Thursday, December 01, 2016

Tempest In a Tallow-Pot

"There is a trace of tallow in the polymer pellets used in the base substrate of the polymer 5-pound notes."
Bank of England

"When you consider that beef tallow is a co-product of a cruel and violent industry that kills millions of cows every year and that is one of the largest producers of greenhouse-gas emissions in the world, the decision to use animal fat in the new British five-pound note truly doesn't make sense."
People for the Ethical Treatment of Animals
The new polymer £5 note entered circulation in September.
The new polymer £5 note entered circulation in September. Photograph: WPA Pool/Getty Image

Small beads of tallow are being used in the processing of the Bank of England's new flexible plastic currency notes which were produced as waterproof currency difficult to counterfeit. The five-pound bill bears Sir Winston Churchill's famous visage. And it was detected to contain minute trace elements of animal fat, "a trace of tallow".

More commonly used as an industrial lubricant, found as well in candles, soaps and common household items of other descriptions. As soon as it became widespread knowledge that tallow was being used as a lubricant to help feed the currency smoothly through processing machines, the public responded with comments such as "how sick, unnecessary & prehistoric". Actually, technologically futuristic.

This, when most of the world's population consumes, or would love to be able to eat, animal flesh as a priority on the dinner table, providing humans with a rich source of protein, iron and vital vitamins for optimum health. Needless to say when such huge numbers of unfortunate beasties are being slaughtered and prepared for human consumption, an end-product not to be wasted is fat or tallow.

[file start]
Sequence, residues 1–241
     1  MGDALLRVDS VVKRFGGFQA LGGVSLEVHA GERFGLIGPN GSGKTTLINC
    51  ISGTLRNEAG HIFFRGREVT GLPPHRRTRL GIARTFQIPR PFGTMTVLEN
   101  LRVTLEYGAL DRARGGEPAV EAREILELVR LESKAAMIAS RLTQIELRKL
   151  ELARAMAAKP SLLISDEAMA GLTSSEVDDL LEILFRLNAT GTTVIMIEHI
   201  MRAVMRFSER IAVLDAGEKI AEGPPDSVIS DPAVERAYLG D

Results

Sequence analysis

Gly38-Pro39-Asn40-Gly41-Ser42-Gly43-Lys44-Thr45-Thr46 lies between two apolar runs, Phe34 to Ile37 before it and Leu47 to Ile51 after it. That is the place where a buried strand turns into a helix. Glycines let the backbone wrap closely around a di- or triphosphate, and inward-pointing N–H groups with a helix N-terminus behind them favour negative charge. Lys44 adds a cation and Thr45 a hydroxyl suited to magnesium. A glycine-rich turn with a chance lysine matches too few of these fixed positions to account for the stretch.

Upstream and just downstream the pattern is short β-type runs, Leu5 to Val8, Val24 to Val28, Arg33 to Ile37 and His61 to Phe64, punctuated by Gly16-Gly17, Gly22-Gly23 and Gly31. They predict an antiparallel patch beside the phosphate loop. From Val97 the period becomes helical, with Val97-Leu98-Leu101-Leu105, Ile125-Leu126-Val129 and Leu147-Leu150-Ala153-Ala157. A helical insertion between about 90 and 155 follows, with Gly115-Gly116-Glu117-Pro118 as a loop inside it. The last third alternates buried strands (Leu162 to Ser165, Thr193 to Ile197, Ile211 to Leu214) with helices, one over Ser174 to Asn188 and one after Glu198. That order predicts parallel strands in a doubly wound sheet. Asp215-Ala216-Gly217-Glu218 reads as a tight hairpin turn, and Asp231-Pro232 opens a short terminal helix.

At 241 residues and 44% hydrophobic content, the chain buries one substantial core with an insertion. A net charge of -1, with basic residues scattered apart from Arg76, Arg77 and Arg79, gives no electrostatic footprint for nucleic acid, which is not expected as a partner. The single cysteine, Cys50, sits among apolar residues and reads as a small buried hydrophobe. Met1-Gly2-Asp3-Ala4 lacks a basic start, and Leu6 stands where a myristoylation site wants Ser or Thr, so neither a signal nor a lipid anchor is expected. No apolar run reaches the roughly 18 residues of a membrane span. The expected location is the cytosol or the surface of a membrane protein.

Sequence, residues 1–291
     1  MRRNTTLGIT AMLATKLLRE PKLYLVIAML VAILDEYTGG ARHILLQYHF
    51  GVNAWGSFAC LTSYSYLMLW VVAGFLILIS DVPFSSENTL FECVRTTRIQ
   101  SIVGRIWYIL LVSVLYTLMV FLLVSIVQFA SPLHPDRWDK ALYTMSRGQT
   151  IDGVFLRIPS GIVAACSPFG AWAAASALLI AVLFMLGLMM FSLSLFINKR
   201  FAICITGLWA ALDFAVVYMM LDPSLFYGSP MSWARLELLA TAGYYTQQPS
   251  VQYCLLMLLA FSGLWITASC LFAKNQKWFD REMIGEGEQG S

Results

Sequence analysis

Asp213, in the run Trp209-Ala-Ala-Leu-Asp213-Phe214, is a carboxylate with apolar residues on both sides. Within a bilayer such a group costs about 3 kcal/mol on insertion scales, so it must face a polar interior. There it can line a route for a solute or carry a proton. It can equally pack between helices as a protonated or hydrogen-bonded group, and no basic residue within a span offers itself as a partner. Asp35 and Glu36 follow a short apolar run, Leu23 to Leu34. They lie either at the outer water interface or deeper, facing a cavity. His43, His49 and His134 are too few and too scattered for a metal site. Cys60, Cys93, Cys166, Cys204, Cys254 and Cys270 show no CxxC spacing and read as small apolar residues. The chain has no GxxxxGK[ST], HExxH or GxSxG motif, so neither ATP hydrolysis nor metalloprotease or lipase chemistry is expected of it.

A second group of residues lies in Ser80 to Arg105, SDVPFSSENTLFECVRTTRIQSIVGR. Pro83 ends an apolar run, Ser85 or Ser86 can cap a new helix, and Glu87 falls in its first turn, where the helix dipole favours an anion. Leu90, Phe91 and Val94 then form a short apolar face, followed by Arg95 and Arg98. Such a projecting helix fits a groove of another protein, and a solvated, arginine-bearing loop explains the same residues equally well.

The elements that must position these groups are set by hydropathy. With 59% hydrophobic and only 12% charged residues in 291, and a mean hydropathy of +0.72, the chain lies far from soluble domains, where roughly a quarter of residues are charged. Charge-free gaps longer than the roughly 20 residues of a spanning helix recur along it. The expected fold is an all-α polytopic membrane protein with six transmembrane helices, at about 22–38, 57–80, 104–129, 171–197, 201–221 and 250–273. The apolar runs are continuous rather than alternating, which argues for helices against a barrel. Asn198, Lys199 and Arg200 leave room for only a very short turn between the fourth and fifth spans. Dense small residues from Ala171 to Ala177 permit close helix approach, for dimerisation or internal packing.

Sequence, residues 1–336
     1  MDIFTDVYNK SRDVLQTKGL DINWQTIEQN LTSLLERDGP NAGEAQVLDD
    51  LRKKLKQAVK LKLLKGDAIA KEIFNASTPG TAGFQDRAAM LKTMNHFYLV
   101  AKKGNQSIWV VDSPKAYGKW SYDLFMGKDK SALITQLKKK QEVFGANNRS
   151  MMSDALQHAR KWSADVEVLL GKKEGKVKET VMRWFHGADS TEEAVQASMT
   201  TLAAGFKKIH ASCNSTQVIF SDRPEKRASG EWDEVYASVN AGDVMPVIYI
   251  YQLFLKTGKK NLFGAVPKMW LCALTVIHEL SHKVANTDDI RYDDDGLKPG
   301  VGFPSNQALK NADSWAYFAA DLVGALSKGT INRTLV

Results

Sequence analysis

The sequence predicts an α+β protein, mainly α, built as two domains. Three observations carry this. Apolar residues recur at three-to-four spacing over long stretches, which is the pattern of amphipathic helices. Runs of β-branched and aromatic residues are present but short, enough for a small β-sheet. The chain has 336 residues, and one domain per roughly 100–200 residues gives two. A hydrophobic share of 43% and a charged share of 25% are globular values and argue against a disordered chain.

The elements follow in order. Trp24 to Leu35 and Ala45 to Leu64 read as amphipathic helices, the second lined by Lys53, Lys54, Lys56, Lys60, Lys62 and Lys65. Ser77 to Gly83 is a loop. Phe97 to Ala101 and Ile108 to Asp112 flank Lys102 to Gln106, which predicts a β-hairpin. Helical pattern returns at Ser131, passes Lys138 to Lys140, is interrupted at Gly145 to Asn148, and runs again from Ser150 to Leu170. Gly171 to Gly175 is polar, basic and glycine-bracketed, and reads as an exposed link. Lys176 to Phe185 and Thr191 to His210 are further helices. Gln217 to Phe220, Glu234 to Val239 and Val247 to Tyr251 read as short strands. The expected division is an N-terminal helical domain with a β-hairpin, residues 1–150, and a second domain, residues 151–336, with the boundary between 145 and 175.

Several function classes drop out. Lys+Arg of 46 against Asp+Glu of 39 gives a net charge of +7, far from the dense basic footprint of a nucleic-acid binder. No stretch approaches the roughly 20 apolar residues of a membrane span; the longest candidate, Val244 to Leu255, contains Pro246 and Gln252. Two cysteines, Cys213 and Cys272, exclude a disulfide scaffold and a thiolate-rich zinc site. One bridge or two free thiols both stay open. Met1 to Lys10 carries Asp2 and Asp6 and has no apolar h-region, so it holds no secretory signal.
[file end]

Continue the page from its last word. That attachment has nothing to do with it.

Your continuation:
The incoherent note by PETA makes little sense in mentioning the "largest producers of greenhouse-gas emissions" partnered with its criticism of the Bank's five-pound note, since it is not the manufacture of the currency that produces emissions, but the cattle themselves that do, releasing through their gas belching and farting, the enormous green-house gas emissions they are famous for.

But a petition has been started on the Internet site Change.org to convince the Bank it should desist with the use of animal products in its currency, a petition that has gained tens of thousands of signatures. There is a bit of a hiccup here in that the Bank of England has printed 440 million new five-pound notes already in circulation as it phases out cotton paper currency.

But of course at any such time that the Bank decides to print additional currency it can handily substitute tallow derived from animal fat for a like material derived from cocoa butter and other vegetable-sourced oil products.

Cool.Down.Folks!

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